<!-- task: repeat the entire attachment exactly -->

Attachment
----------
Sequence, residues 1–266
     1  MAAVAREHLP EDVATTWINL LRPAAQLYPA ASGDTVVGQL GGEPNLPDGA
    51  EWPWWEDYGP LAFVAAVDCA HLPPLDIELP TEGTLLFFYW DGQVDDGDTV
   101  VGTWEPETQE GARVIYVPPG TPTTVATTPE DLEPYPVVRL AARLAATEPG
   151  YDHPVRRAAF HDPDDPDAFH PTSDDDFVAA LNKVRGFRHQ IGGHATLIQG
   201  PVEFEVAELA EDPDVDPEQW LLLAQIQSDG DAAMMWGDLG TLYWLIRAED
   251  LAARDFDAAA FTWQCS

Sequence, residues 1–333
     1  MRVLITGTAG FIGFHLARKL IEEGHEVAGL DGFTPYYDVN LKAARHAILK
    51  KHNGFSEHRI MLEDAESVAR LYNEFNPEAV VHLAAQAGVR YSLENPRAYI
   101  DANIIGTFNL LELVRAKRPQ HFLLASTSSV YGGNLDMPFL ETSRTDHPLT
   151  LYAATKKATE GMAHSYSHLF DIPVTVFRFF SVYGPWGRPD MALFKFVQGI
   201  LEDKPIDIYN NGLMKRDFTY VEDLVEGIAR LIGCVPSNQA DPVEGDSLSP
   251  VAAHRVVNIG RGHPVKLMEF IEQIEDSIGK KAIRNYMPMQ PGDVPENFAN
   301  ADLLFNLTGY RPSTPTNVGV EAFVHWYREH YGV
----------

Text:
Sequence, residues 1–266
     1  MAAVAREHLP EDVATTWINL LRPAAQLYPA ASGDTVVGQL GGEPNLPDGA
    51  EWPWWEDYGP LAFVAAVDCA HLPPLDIELP TEGTLLFFYW DGQVDDGDTV
   101  VGTWEPETQE GARVIYVPPG TPTTVATTPE DLEPYPVVRL AARLAATEPG
   151  YDHPVRRAAF HDPDDPDAFH PTSDDDFVAA LNKVRGFRHQ IGGHATLIQG
   201  PVEFEVAELA EDPDVDPEQW LLLAQIQSDG DAAMMWGDLG TLYWLIRAED
   251  LAARDFDAAA FTWQCS

Sequence, residues 1–333
     1  MRVLITGTAG FIGFHLARKL IEEGHEVAGL DGFTPYYDVN LKAARHAILK
    51  KHNGFSEHRI MLEDAESVAR LYNEFNPEAV VHLAAQAGVR YSLENPRAYI
   101  DANIIGTFNL LELVRAKRPQ HFLLASTSSV YGGNLDMPFL ETSRTDHPLT
   151  LYAATKKATE GMAHSYSHLF DIPVTVFRFF SVYGPWGRPD MALFKFVQGI
   201  LEDKPIDIYN NGLMKRDFTY VEDLVEGIAR LIGCVPSNQA DPVEGDSLSP
   251  VAAHRVVNIG RGHPVKLMEF IEQIEDSIGK KAIRNYMPMQ PGDVPENFAN
   301  ADLLFNLTGY RPSTPTNVGV EAFVHWYREH YGV